Whenever a commercially available product has the potential for negative consequences to consumers, the question of ‘responsibility’ arises. Whose responsibility is it to ensure that people aren’t harmed from drinking alcohol? That they don’t eat too many sugary and energy-dense foods? That they don’t gamble too much, too often?
As the gambling industry has expanded in Victoria over the past few decades, this has been a key question for decision-makers. Especially as more attention is focused on the social impacts of gambling and the harm that arises from gambling too much, too often.
Who steps up to reduce harm?
The Productivity Commission’s 1999 inquiry into Australia’s gambling industries was, in part, a response to this issue. It placed a spotlight on the role of gambling providers in minimising the harm that can arise from the use of their products. In turn, the gambling industry responded with the responsible provision of gambling in their policies and practices. Evidence of the extent to which these measures are effective in reducing harm is mixed at best.
By the mid to late 2000s, however, ‘responsible provision of gambling’ had been dropped as a term in favour of ‘responsible gambling’. This drove a shift in emphasis from the practice of providers to the behaviours of consumers. Subsequently, the promotion of responsible gambling by government and industry has focused on the role of the individual to seek out information and make informed decisions regarding their gambling.
The principles of responsible gambling
For people to make informed choices about gambling, they need to have access to reliable and consistent information regarding responsible gambling. A 2016 foundation-funded study led by Professor Nerilee Hing found there was no consistent definition of responsible gambling. This is despite the focus on personal responsibility through informed decision-making.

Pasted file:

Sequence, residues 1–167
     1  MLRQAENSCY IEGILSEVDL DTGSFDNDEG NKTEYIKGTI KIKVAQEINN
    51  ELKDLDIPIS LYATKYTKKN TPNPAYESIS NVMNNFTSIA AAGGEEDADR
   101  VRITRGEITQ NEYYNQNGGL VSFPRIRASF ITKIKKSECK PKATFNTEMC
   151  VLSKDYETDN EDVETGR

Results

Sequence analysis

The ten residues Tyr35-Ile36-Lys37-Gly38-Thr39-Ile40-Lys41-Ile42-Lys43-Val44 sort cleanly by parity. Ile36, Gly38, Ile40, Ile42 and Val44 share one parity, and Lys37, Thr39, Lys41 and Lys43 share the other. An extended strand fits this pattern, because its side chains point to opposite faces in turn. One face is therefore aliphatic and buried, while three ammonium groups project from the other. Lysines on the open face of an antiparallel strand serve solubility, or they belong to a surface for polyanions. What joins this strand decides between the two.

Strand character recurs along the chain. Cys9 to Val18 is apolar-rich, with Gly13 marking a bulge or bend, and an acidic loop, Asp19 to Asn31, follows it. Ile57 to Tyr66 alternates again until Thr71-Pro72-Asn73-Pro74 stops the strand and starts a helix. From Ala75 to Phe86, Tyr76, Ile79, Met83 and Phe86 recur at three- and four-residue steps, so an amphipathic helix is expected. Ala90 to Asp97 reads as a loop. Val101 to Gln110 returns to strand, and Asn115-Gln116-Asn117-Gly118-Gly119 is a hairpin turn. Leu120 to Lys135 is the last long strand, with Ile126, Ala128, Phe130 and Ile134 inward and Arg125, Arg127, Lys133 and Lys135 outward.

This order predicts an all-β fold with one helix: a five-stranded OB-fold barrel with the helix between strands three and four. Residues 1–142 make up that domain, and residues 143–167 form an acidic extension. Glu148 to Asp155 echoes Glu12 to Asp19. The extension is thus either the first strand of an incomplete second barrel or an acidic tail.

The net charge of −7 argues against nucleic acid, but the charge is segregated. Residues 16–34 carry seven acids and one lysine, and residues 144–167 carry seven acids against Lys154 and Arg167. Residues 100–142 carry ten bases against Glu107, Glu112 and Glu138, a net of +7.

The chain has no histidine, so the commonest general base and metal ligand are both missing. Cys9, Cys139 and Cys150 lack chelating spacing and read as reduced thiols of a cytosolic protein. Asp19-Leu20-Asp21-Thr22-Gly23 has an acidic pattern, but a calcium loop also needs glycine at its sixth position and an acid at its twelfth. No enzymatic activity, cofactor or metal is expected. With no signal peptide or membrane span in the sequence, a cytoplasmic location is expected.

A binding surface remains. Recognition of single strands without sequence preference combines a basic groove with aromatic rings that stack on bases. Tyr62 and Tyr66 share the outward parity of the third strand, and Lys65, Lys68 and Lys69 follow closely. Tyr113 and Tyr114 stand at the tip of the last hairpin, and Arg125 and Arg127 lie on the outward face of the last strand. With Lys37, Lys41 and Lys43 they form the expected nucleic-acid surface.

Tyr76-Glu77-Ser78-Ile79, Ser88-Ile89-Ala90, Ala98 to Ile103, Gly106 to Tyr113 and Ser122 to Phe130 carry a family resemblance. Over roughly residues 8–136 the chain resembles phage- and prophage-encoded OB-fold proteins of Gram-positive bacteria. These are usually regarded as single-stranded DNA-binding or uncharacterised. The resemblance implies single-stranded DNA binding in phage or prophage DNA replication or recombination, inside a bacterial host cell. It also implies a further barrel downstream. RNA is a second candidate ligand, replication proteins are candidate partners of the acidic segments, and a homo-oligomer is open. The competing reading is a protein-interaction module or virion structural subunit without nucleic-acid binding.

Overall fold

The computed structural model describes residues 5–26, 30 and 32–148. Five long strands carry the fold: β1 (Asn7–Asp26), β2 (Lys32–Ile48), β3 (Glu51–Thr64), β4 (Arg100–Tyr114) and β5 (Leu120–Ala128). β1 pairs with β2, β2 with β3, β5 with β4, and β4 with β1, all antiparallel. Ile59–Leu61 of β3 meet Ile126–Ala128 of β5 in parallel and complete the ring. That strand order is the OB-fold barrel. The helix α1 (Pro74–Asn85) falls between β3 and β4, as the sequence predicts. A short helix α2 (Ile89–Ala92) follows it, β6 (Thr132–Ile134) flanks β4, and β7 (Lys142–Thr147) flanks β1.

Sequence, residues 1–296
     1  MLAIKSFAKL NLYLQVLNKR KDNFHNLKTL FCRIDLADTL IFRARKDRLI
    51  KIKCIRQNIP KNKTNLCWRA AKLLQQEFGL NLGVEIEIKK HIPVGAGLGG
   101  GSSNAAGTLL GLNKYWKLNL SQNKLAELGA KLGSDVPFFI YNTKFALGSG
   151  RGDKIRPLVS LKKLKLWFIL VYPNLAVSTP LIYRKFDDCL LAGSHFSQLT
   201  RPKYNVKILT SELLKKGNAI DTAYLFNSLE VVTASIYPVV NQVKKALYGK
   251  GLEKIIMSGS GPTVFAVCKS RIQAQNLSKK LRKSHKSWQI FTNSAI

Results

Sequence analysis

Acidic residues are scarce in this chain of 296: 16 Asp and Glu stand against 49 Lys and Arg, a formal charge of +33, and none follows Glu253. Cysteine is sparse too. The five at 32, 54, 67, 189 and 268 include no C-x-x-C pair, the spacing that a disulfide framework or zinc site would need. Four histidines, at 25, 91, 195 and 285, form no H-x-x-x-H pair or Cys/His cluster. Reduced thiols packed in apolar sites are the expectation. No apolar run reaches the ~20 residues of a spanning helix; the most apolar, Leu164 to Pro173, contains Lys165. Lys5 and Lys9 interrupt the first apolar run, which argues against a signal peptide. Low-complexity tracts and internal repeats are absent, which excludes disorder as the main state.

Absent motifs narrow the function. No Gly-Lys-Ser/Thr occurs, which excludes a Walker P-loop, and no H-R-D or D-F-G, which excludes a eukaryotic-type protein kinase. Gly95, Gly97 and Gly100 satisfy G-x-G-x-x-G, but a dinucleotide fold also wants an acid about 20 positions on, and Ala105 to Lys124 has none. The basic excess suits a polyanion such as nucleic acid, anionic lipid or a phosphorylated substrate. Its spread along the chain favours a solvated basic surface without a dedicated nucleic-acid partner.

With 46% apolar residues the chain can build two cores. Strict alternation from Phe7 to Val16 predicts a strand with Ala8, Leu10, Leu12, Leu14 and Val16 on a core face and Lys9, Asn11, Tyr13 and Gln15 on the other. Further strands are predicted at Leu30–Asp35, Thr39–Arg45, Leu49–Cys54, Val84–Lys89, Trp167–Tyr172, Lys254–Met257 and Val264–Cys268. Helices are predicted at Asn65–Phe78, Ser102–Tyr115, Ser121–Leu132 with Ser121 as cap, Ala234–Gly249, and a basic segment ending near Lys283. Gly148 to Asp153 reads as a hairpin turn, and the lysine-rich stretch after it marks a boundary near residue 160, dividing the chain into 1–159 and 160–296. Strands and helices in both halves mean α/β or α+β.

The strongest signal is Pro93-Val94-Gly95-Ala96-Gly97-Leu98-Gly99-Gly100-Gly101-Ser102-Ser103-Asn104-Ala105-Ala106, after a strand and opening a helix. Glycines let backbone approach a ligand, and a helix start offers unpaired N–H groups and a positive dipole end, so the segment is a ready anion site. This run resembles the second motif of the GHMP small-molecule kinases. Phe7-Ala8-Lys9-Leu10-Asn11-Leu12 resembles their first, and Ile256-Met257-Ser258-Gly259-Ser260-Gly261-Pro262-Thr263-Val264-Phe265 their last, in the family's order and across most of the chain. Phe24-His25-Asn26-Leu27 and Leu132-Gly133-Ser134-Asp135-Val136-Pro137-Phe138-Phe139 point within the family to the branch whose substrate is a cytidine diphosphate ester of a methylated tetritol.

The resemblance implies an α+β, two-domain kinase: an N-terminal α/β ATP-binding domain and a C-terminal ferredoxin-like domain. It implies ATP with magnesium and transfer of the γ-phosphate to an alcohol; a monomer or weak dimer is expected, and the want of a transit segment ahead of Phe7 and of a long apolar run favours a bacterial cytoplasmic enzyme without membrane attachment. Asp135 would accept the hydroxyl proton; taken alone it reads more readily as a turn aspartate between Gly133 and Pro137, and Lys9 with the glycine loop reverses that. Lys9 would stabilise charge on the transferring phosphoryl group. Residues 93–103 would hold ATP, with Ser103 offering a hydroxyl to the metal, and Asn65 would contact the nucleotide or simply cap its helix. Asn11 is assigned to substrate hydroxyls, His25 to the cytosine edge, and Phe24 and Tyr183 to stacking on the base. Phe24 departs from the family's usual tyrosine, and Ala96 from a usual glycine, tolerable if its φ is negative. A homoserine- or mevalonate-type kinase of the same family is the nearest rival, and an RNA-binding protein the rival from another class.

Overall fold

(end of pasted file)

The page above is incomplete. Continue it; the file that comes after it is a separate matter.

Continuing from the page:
Based on the results of a survey of experts, the report Behavioural indicators of responsible gambling consumption identifies the principles that support the responsible consumption of gambling. These include:
- affordability – gambling within an individual’s affordable limits of time, money and other resources
- balance – keeping gambling in balance with other activities, responsibilities and priorities
- informed choice – exercising informed choice over gambling, which includes understanding the associated risk and knowing the likelihood of losing and winning
- control – staying in control of gambling through self-regulating one’s own gambling and knowing when to stop
- enjoyment – being motivated by gambling only for pleasure, entertainment and fun and not to win money
- harm-free – the absence of gambling-related harm to self and others.
These were combined to form a definition of the responsible consumption of gambling.
Definition of responsible consumption of gambling
Exercising control and informed choice to ensure that gambling is kept within affordable limits of money and time, is enjoyable, in balance with other activities and responsibilities, and avoids gambling-related harm.
Further, 51 behavioural indicators of the responsible consumption of gambling were also developed and endorsed by those participating in the expert survey.
What’s next for responsible gambling?
A reliable definition of the responsible consumption of gambling is an important step forward. However, having a definition of responsible gambling to promote to consumers is only one component of an effective behaviour change strategy.
Consistent with broader public health practice, a longer-term behaviour strategy should also include policy change, reducing the availability of gambling products and restricting gambling marketing.
Download the report:
For more about this report and other new studies, see recent research on the foundation's website.